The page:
“REUSE! Because You Can’t Recycle the Planet,” directed by Alex Eaves, made its Burlington premier at the local theater Sept. 10.
The screening was hosted by Eaves and the Peace and Justice Center.
The Peace and Justice Center of Vermont has been a leader in working with businesses, nonprofit organizations, activists and volunteers for the cause of social justice for more than 35 years, according to their website.
The film focuses on the necessity of reusing products.
“One of the most important things about the reuse message is that recycling is not going to do it for us, it is not enough,” Eaves said.
Eaves searched the country for people who find innovative ways to reuse, according to the film.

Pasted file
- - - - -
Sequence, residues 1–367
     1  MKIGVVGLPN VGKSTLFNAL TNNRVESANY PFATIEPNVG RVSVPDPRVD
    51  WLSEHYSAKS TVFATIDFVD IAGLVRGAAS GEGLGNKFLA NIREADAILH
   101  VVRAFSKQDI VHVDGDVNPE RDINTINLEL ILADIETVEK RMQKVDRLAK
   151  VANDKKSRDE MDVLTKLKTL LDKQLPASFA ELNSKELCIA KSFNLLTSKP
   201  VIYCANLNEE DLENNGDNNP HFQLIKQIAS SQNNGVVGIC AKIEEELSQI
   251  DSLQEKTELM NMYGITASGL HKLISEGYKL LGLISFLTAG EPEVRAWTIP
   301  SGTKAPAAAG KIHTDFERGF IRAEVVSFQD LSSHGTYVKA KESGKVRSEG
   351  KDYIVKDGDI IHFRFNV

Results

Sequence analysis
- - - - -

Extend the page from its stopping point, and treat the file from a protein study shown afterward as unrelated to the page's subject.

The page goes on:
Sophomore Claire Charde, an environmental science major and Greenhouse resident, said the film is a great way to engage the public on social and environmental issues facing the world today.
“Good documentaries will help [expose people to public issues],” Charde said. “Think about the impact of the documentary about the Seaworld whale, Blackfish … Seaworld became a huge topic of moral concern for a lot of people” she said.
Eaves said that his documentary is unique in how it presents issues such as global climate change.
“This documentary is not about problems, it is about solutions,” he said.
Sophomore Charlotte Goodrich said UVM has allowed on-campus students to live a greener life.
“It is so much easier to live more mindful here, as opposed to at home, because of all the propaganda surrounding living green, “ she said.
Author’s note: This story was originally printed in the Vermont Cynic on Feb. 24, 2015.